As you can see, working with heavy equipment is one of the most prominent dangers of working in an oilfield. Large vehicles and machinery, especially when operated by workers who are overly fatigued or trying to work too fast, can easily become mechanisms of injury or death. If heavy machinery is not routinely inspected or serviced, accidents are even more likely. In many cases, the employer or worker being negligent is not the one injured in these types of accidents.

Compounding these risks is the fact that many companies are involved in the assembly or disassembly of heavy equipment on the job site. If they don’t follow all instructions or regulations to the letter, steps may be missed and dangerous situations leading to serious injuries or death may arise.

Related ArticleHow Dangerous Is Oil Field Work?

10 States with the Most Dangerous Oil Fields

Massive economic booms do not come without a cost, as the dangers of working in the oil and gas exploration industry injure and kill many workers each year in the United States.

Researchers have recently compiled data from various agencies to determine which states have the most dangerous oil fields. They determined that, while the national fatality rate for oil field workers is about 27 deaths per every 100,000 workers, North Dakota had oil field worker fatality rates that were nearly triple this national average, making it the most dangerous state for oil field workers.

Following North Dakota to round out the top 10 spots:

  • West Virginia, where nearly 40 oil field deaths occur per every 100,000 workers
  • New Mexico, where about 38 oil field deaths occur per every 100,000 workers
  • Oklahoma, where roughly 33 oil field deaths occur per every 100,000 workers
  • Texas, where nearly 30 oil field deaths occur per every 100,000 workers
  • Arkansas, where about 25 oil field deaths occur per every 100,000 workers
  • Louisiana, where about 15 oil field deaths occur per every 100,000 workers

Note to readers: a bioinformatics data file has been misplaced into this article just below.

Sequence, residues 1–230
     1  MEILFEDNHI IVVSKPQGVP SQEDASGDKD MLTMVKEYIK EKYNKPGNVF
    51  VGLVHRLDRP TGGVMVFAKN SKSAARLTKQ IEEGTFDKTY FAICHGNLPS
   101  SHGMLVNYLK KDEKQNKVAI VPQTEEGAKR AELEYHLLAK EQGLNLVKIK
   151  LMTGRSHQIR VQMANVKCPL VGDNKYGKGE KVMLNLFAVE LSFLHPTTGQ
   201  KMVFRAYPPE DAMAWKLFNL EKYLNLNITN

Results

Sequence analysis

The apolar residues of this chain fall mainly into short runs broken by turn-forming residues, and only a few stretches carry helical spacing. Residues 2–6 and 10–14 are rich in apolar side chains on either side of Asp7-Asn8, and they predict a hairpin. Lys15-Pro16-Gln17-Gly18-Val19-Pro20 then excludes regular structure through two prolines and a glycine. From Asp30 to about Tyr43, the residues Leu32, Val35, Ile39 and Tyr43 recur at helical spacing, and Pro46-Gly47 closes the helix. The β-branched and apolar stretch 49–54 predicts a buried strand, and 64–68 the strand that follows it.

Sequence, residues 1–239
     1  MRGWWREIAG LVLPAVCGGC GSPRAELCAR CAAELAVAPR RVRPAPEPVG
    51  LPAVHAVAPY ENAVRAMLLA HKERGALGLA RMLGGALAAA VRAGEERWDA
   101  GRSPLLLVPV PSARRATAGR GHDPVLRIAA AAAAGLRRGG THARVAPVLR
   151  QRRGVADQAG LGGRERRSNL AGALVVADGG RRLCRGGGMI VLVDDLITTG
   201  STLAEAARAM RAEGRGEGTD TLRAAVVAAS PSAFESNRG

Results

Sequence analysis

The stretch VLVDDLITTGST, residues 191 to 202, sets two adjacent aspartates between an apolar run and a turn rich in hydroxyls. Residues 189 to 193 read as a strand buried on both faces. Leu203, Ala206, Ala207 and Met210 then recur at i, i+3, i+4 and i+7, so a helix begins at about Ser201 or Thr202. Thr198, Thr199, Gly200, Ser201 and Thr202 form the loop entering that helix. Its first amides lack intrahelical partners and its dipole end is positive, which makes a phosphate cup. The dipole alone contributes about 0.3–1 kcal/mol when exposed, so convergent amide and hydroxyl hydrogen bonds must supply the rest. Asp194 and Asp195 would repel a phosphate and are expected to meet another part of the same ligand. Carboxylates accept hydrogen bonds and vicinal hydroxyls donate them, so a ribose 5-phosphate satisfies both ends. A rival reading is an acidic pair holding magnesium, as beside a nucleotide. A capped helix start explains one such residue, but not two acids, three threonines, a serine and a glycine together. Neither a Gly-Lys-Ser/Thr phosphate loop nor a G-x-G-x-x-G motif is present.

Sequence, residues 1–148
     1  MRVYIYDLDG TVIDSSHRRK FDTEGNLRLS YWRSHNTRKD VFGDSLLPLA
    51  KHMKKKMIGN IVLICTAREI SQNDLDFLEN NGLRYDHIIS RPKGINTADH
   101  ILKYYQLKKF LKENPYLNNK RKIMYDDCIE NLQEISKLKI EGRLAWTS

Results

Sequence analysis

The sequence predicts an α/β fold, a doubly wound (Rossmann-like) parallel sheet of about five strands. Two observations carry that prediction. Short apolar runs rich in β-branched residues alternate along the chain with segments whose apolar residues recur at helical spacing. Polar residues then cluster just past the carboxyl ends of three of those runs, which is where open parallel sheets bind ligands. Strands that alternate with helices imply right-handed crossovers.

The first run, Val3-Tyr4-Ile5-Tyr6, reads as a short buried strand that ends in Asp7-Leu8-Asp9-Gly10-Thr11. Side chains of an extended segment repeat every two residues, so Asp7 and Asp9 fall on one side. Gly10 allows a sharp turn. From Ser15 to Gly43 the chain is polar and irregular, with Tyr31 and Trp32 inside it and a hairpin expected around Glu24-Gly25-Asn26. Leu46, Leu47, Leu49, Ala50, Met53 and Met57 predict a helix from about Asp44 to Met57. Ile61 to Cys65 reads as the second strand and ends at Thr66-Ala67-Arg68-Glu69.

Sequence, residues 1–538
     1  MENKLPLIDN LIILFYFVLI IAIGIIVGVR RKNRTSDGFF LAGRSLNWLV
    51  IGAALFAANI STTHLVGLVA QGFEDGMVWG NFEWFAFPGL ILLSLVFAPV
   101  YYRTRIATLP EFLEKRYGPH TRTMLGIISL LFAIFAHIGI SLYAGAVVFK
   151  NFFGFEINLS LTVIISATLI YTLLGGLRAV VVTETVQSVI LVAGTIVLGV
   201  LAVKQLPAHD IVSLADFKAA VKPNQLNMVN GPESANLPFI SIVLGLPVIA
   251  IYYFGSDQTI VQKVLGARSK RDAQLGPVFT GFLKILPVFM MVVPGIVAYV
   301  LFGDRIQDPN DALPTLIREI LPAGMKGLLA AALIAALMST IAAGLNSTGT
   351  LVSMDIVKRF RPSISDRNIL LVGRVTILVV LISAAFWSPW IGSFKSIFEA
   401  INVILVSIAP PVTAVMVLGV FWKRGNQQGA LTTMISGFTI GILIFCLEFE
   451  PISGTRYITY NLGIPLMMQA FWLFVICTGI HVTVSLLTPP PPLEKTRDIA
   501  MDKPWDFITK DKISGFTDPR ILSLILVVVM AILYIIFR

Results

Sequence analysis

• Colorado, where about 15 oil field deaths occur per every 100,000 workers
  • Pennsylvania, where more than 10 oil field deaths occur per every 100,000 workers
  • Wyoming, where just under 10 oil field deaths occur per every 100,000 workers

Arkansas Man Killed in Drilling Site Fall

A 29-year-old man from Arkansas died in June 2013 after falling from a platform on a drilling site in Columbia County, according to KSLA News 12 [1].

The site is owned by Albermarle, a specialty chemical company in Magnolia that produces bromine. Plant manager Steven Miller confirmed that Derek “Bundy” Smith was working on a 60-foot platform on a workover rig at the site, about 20 miles east of the Albermarle plant when he fell and was fatally injured.

Miller says Smith was an employee of Reliance Well Services, a hydraulic fracturing contractor working for Albermarle on the site. Another Reliance contract employee was also injured, Miller said.

Related Articles:

See the other personal injury and accident lawsuits our lawyers have taken on.

Choose our lawyers

Have you or a loved one been injured in an accident due to the negligence of others?

Get a Free Lawsuit Evaluation With Our Arkansas Oil Field Accident and Injury Lawyers

The personal injury lawyers at Schmidt & Clark, LLP have experience dealing with the rights of American oilfield workers, and we are one of the only firms willing to handle oilfield workplace accidents in Arkansas and throughout the entire United States.

Again, if you or a loved one has been seriously injured in an oilfield accident, you should contact our oil field accident lawyers immediately by using the form below or calling our law firm toll-free 24 hrs/day by dialing (866) 588-0600 to schedule a free case review and legal options.

Clients may be able to recover fair compensation for medical expenses from an oil company in a lawsuit and a personal injury lawyer can help.


Free Confidential Case Evaluation

Verified 100% Secure SiteTo contact us for a free review of your potential case, please fill out the form below or call us toll free 24 hrs/day by dialing: (866) 588-0600.